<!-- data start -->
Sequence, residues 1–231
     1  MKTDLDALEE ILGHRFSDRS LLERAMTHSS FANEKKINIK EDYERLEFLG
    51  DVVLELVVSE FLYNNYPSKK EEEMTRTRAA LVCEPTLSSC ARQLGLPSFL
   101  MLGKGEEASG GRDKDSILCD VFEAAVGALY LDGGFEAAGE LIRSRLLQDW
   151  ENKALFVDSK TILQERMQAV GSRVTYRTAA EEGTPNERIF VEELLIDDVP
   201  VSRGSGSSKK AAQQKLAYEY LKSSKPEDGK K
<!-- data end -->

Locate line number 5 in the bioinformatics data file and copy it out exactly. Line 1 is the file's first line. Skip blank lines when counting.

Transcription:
   151  ENKALFVDSK TILQERMQAV GSRVTYRTAA EEGTPNERIF VEELLIDDVP